Sixth grade teacher Molly Van Delinder from Wayland is hoping her love of reading will spread to others.

And in the process introduce them to Black authors and culture “so that we can come together during this divisive time,” she said.

She erected four book boxes in Dansville, Wayland, Cohocton and Avoca as a way to encourage reading and spread diversity in the community.

“I just feel like as a white woman in the middle of nowhere, there had to be something that I could do. My love of reading lead me to do the book boxes,” said Van Delinder.

With the help of her husband she built book boxes. She said he built them, while she designed them with the color red in mind.

“The boxes are all red. Part of it was to make them visible. They are pretty and I also wanted to make them look like a little school house,” Van Delinder said.

Inside the boxes she said is a lot of knowledge for both young and old readers. All of the books have been written by Black authors.

“Living in the country and seeing some injustices, along with some racism I was wondering what I could do,” said Van Delinder.

“I just figured it was a small thing that we could do to be hearing culturally diverse stories. It could also help to get our eyes open to other ways of life and to see what other people have gone through. I wanted to make sure that there was variety of books for people,” said Van Delinder.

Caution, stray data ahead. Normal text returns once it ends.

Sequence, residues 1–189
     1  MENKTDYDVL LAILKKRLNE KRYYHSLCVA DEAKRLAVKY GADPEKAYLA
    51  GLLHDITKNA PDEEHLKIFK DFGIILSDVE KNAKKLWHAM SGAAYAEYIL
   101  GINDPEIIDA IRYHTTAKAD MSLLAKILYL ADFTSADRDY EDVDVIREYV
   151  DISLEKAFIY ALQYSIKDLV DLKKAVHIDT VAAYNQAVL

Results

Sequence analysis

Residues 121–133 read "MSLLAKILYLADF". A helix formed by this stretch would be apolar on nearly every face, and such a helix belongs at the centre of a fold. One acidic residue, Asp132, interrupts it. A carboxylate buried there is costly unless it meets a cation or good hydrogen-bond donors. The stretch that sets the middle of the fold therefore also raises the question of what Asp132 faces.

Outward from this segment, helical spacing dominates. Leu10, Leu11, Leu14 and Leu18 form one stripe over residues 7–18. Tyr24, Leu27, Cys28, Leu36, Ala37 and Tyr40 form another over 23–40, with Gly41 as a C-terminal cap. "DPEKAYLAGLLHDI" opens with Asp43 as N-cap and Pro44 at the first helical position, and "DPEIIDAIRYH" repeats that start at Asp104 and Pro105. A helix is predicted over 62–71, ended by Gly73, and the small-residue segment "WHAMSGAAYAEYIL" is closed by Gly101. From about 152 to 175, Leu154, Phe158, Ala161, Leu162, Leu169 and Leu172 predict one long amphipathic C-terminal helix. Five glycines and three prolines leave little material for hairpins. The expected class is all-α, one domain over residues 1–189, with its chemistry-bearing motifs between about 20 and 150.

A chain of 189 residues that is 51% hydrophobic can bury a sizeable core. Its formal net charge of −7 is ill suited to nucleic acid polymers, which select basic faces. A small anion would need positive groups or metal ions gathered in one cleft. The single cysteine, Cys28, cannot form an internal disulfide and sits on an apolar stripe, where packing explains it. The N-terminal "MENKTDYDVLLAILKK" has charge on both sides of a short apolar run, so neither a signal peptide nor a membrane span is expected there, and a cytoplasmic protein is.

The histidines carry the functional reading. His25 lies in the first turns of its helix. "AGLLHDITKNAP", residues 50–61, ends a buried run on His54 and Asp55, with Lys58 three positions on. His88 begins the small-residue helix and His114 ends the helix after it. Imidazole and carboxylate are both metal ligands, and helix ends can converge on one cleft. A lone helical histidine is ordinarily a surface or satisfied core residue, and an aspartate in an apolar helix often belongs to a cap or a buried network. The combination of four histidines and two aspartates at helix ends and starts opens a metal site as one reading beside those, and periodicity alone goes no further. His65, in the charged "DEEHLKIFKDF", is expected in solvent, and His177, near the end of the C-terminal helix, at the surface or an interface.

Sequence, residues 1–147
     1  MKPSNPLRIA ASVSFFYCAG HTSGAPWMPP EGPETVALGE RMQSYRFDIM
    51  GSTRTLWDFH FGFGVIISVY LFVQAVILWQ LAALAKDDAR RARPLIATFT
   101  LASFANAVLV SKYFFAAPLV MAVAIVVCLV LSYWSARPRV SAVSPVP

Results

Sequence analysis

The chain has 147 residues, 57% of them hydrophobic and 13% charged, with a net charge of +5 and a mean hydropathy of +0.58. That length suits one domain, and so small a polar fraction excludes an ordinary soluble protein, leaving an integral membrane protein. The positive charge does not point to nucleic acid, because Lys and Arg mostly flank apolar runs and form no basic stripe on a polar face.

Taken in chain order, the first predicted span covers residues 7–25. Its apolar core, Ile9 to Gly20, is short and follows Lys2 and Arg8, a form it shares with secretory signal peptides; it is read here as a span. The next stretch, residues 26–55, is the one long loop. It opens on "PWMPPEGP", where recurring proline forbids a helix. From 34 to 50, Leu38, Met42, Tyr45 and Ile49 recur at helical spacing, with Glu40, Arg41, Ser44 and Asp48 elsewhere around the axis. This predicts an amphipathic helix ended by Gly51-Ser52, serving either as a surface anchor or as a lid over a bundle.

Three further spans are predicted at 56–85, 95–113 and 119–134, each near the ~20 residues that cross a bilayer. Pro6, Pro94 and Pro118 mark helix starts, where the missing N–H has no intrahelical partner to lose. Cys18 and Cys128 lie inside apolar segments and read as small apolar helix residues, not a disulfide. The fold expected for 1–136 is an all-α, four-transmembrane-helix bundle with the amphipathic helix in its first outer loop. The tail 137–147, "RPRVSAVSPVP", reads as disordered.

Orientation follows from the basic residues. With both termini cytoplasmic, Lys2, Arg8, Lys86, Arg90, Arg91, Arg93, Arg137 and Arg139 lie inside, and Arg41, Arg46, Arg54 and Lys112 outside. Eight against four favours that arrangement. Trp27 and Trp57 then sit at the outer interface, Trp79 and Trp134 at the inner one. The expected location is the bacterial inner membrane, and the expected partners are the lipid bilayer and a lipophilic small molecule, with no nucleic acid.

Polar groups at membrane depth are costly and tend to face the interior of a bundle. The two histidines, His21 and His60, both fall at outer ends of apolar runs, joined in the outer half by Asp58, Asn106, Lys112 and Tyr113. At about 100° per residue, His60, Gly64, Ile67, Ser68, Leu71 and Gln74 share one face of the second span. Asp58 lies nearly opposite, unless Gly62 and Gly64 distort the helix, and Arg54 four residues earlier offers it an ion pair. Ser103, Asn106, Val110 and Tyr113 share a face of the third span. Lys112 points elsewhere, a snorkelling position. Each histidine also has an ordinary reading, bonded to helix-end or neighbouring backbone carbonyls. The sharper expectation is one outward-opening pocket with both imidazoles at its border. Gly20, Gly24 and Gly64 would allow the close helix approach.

The boxes are unlocked and free for anyone to take a book.

“I just feel like it is so important to get a little glimpse of the world a little further outside of the words to be empathetic to our neighbors; to have a love of all things diverse. I hope this will help people to fall in love with different types of reading because as kids grow up that is so important,” said Van Delinder.

All of the books are either new or in good condition. To make sure the boxes remain stocked Van Delinder said she checks them once a week.

“All ages can get the books. They have picture books all the way up to books for adult readers,” said Van Delinder.

Money to pay for the books, she said, has been through donations, including a few books received from unexpected sources.

“One of my favorite authors, who happens to be Black actually sent 14 books of her own,” said Van Delinder.

So far she says the feedback on her book box campaign as been positive.

She is also hoping the project will encourage those in the undeserved communities to pick up a book and start reading more.

“At the public libraries they have some but they have so much more in the electronic system and some people who do not have a lot of money may not have access to the e-book systems,” said Van Delinder.

Encouraging reading and social awareness to people of all ages is her goal.

“I have just always been very proud of where we live but we don’t get to experience too much diversity,” said Van Delinder. “It is a lifelong journey to be a reader and a socially conscious citizen.”

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